Purpose. To design a screening test of the spatiotemporal contrast surface, using intrinsically two-dimensional spatial targets, and explore its diagnostic power beyond currently used spatial and temporal contrast sensitivity measurement tools. Methods. Circular sine wave gratings, with contrast tapered off according to a gaussian profile, and sinusoidally counterphase modulated with a ramped on-and offset are presented on a high-resolution 60 Hz monochrome monitor screen driven by an Imagraph 12108 board. A four-alternative spatial alternative paradigm is employed - i.e., the subject is required to indicate towards which corner the pattern is displaced -. Fifteen combinations of 5 spatial - from 4.3 to 0.3 octaves below the subject's acuity limit - and 6 temporal - from 1 to 30 Hz - frequencies are used. Thresholds are computed by fitting a Weibull function through data obtained with 10 reversals of a 2-down 1-up staircase Results. Naive observers can complete the test in 30-45 minutes. Data from the initial 10 normal observers show excellent agreement with data from Kelly (JOSA 69, 1340-9), with the expected more rapid drop-off at higher two- vs one-dimensional spatial frequencies. Data from 14 RP subjects at various stages of disease progression show interactions of spatial and temporal loss that are more severe than would be expected on the basis of spatial and temporal contrast sensitivity measurements alone. Tests in subjects with various forms of macular dysfunction are in preparation. Conclusions. The technique presented here allows automated assessment of spatiotemporal contrast sensitivity, with the potential to develop a screening tool for normal development and a variety of retinal diseases.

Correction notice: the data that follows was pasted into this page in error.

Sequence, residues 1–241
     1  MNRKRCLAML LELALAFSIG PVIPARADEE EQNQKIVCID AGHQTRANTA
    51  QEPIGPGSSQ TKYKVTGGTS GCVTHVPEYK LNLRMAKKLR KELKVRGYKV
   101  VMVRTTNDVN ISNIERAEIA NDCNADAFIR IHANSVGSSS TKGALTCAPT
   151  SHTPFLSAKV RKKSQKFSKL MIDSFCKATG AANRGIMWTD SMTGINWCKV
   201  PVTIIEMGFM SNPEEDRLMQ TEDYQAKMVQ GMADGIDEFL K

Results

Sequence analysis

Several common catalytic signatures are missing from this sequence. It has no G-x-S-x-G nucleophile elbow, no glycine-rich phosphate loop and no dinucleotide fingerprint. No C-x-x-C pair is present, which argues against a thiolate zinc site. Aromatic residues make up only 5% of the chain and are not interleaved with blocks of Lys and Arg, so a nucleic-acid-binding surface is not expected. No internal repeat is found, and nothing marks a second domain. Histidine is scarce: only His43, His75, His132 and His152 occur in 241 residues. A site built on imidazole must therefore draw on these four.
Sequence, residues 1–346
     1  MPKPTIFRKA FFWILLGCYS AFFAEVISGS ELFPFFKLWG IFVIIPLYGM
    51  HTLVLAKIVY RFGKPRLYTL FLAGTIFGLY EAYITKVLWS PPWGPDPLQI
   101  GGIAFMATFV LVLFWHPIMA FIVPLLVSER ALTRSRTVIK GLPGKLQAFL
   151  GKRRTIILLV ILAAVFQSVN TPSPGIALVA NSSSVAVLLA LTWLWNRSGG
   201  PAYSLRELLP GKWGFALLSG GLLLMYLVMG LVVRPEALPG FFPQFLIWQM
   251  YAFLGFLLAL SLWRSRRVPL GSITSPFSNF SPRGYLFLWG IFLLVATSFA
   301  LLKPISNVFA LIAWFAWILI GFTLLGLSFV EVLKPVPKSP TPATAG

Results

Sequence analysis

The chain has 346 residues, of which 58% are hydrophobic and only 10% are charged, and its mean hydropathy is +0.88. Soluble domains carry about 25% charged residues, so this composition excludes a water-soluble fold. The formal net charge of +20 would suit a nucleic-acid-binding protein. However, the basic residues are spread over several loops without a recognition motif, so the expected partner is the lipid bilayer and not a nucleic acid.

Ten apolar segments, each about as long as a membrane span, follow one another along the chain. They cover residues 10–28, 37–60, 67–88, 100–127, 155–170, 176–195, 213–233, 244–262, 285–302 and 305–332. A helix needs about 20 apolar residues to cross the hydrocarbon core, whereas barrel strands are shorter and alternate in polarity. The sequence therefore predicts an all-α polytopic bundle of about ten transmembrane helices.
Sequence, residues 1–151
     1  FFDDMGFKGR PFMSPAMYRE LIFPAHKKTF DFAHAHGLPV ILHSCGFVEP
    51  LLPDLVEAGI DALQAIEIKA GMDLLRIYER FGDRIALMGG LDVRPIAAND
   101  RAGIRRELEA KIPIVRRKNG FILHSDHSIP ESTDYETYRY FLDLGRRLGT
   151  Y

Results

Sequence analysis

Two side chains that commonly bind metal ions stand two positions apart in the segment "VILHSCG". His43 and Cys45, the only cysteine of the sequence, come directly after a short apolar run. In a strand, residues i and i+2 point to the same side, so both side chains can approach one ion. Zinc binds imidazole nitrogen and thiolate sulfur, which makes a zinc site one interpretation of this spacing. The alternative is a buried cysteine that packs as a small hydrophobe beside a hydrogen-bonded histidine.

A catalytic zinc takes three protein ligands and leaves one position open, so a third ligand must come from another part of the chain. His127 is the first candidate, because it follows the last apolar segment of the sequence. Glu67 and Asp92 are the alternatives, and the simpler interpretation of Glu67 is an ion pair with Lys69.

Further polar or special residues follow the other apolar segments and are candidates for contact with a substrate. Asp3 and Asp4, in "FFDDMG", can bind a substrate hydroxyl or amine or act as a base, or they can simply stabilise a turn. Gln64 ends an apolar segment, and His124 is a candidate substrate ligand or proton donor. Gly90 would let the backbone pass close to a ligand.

|Original language||English (US)|
|Journal||Investigative Ophthalmology and Visual Science|
|State||Published - Feb 15 1996|
ASJC Scopus subject areas
- Sensory Systems
- Cellular and Molecular Neuroscience